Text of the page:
Lee Gumbs Photography, courtesy Gracyn French

Meet Out-of-This-World Comp Kid Gracyn French

What do you get when you cross a 1920s jazz baby with an absurdly flexible alien life-form? Ten-year-old Gracyn French, who's taken the comp world by storm over the past two years. After she became KAR Miss Petite Dance America 2017, the 2018 Nationals season saw Gracyn break the Top 20 at Radix and the Top 10 at her very first Dance Awards (where she clinched the title of Mini Female Best Dancer this year). She's also danced in six Old Navy commercials, appeared on "Dancing with the Stars," and speaks Spanish thanks to her attendance at a dual-immersion school. A frequent muse for choreographers Easton Payne and Molly Long, Gracyn dreams of following in Long's footsteps one day: After a career as a "DWTS" pro, she wants to open her own studio with younger sisters Emmerson and Harlow.


"My mom and dad always tell me that I have the heart of a champion—which means that they don't care if I win, as long as I go out there and do my best. In dance, all you can do is try your best and have fun!" —Gracyn French

Lee Gumbs Photography, courtesy Gracyn French

Fast Facts

Birthday: November 28, 2008

Hometown: Santa Monica, CA

Current city: Irvine, CA

Trains at: Project 21, Yorba Linda Academy of Ballet

Favorite foods: Mini corn dogs, salads with bacon and tomatoes

Currently watching on Netflix: "Liv and Maddie," "Bunk'd"

Non-dance hobbies: Tetherball, swimming, and relaxing with her family

Favorite dancers of all time: "My Project 21 teammates"

If she were a superhero, her power would be: "The power to help the world, especially to help homeless people"

Latest Posts


Courtesy Hollywood Vibe

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While dancers all over the world are sharing the heartache of canceled classes, shows, and projects, our hearts hurt especially hard for a group of dancers we at Dance Spirit couldn't admire more: comp and convention kids. Determined to challenge your artistry and learn from cutting-edge faculty, you dancers normally brave crowded ballrooms and nonstop schedules all year long. But just because you might not be in one of those crowded ballrooms for a while doesn't mean that part of your dance life has to grind to a halt.

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Troy Ogilvie, who teaches dance improvisation classes in NYC (Franziska Strauss, courtesy Ogilvie)

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"Improvisation can be uniquely healing if you give yourself time to listen to your body without judgement," says Troy Ogilvie, who teaches improvisation classes at renowned institutions like SpringboardX and Peridance in New York City. "It allows us to interact with our surroundings and emotions more directly."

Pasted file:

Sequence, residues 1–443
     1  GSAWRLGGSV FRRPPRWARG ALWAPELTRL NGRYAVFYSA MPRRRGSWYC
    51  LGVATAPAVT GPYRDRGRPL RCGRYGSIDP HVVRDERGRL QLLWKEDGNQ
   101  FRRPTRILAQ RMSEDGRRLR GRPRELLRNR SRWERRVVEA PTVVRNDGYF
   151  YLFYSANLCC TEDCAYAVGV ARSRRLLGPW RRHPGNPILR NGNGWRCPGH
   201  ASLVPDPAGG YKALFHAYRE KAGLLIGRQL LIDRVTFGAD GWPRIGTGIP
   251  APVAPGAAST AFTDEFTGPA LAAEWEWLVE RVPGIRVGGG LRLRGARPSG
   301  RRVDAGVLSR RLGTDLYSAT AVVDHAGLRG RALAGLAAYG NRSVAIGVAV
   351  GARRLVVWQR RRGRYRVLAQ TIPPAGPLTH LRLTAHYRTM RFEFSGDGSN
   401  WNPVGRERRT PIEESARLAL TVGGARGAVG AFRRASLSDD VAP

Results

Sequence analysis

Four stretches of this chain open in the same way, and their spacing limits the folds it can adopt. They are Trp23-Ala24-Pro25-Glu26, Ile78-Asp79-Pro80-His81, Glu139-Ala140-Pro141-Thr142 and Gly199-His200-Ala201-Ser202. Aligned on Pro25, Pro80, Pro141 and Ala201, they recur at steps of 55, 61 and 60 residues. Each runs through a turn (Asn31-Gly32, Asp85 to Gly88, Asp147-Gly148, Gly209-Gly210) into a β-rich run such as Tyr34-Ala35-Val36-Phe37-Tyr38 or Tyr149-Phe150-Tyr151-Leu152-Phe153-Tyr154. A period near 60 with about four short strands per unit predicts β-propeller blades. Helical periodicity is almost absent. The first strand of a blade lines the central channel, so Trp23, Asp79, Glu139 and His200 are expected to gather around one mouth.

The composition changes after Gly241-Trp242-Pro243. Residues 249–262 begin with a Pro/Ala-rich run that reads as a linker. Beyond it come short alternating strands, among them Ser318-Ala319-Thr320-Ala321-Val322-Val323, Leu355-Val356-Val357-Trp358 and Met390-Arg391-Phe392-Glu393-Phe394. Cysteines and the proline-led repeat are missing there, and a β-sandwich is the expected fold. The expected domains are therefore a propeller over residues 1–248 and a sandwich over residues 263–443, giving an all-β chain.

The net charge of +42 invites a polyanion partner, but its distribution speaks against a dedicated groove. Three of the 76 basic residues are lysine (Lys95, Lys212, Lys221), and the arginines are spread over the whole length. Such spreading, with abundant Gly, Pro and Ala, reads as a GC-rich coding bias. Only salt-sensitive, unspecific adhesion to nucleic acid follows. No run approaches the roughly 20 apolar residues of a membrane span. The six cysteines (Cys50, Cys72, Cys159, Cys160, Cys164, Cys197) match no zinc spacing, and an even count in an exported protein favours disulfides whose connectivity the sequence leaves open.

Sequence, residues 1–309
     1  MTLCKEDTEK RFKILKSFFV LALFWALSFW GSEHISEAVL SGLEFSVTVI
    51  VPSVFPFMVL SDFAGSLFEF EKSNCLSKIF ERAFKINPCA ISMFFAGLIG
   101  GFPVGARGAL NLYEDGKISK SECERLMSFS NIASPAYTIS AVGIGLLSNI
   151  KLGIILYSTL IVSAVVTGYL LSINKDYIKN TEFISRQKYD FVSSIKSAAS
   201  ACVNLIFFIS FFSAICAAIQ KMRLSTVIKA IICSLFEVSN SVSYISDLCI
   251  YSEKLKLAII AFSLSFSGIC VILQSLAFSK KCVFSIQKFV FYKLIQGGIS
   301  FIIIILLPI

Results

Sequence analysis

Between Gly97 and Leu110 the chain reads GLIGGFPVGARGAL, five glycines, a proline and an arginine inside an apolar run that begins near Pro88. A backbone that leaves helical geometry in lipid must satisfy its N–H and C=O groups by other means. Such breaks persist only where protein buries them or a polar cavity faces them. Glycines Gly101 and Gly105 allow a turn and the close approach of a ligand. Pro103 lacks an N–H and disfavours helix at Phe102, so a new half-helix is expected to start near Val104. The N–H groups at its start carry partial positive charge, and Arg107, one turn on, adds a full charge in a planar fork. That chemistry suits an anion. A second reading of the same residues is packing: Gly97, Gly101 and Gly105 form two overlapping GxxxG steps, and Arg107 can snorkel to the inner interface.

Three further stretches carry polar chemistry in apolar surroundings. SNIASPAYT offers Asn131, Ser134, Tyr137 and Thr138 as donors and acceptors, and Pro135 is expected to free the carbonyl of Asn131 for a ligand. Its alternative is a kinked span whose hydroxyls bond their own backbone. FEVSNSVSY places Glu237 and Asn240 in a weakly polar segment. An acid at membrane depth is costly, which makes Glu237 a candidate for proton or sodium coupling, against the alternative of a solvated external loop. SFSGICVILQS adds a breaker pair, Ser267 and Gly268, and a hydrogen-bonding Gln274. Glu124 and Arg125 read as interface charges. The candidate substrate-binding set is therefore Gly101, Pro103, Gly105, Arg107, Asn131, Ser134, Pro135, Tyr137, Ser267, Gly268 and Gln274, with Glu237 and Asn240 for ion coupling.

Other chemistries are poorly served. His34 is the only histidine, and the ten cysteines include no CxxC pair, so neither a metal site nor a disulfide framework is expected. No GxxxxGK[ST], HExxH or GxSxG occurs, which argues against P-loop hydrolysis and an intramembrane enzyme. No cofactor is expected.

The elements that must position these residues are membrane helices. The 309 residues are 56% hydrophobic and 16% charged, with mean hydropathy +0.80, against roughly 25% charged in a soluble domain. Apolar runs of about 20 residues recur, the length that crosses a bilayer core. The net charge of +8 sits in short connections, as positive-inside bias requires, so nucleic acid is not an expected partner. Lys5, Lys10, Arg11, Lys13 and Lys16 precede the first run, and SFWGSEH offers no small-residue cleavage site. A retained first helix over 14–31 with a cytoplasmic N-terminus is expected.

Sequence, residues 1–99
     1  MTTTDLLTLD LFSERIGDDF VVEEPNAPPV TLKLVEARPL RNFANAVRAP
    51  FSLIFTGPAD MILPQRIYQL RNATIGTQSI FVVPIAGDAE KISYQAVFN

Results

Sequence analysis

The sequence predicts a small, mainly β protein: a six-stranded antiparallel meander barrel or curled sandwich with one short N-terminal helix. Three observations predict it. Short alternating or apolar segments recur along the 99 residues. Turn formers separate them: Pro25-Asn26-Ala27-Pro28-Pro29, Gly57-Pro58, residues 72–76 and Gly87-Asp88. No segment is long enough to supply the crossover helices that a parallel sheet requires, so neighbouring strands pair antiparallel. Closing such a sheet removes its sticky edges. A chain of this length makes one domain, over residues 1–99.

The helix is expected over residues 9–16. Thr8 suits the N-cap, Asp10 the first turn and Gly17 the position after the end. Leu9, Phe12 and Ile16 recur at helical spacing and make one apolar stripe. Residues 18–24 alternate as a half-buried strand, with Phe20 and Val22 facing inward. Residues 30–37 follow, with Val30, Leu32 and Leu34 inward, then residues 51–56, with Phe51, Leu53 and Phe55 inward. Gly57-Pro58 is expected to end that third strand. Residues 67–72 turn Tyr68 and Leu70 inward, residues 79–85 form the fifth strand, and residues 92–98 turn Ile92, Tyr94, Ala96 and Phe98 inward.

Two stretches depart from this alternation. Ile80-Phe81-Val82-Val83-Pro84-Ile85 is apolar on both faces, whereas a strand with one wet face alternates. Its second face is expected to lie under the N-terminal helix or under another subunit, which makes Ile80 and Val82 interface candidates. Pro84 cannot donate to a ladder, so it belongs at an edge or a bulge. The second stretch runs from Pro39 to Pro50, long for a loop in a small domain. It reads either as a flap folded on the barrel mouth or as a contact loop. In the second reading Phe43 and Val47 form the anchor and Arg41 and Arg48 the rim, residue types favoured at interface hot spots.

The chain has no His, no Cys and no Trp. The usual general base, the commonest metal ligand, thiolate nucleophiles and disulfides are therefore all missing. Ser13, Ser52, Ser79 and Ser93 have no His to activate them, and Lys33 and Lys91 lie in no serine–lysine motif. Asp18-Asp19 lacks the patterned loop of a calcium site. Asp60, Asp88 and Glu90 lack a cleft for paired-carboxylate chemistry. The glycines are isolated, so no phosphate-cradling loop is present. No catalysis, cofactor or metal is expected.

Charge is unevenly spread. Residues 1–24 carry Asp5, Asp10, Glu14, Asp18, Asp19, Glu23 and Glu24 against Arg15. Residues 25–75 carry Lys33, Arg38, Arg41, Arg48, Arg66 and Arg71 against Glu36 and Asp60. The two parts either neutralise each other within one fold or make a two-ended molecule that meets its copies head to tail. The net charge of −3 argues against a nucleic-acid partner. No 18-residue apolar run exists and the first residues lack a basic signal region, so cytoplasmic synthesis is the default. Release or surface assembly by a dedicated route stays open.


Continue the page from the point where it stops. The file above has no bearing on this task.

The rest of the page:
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A Letter from the Editor in Chief

Hi, dance friends. It is a strange time to be a person in the world, and an especially strange time to be a dancer. As the dance community faces the coronavirus crisis, a lot of you are coping with closed studios, canceled performances and competitions, and a general sense of anxiety about how your world will look going forward.

Yes, dancers are super resilient, and there's been a lot of inspiring community-building happening. #LivingRoomDances and Instagram dance parties and virtual ballet classes with the pros are wonderful. Dance can, and should, be a bright spot in the darkness. But that weird, empty feeling you have? It might be grief. The loss of the certainty of daily class, the loss of the promise of that big end-of-year performance—that's real. The dance studio has always been a safe place; it's especially hard not to have that outlet now, when you need it most.

We're here for you. We—and our friends at Dance Magazine, Pointe, Dance Teacher, The Dance Edit, and Dance Business Weekly—are doing our best to document the hurdles facing the dance industry, and to advocate for dancers in need. We're developing more online content that will help you maintain and improve your technique while you're at home, and process the mental and emotional fallout of all this upheaval. (You can keep up with the latest stories here.) And we're still making our print magazine. We have issues planned and shot, full of great dance stories and beautiful photos. We're not going anywhere.

We want to hear from you. Talk to us. Or dance to us. Or both. We won't stop moving, and you shouldn't, either.

Margaret

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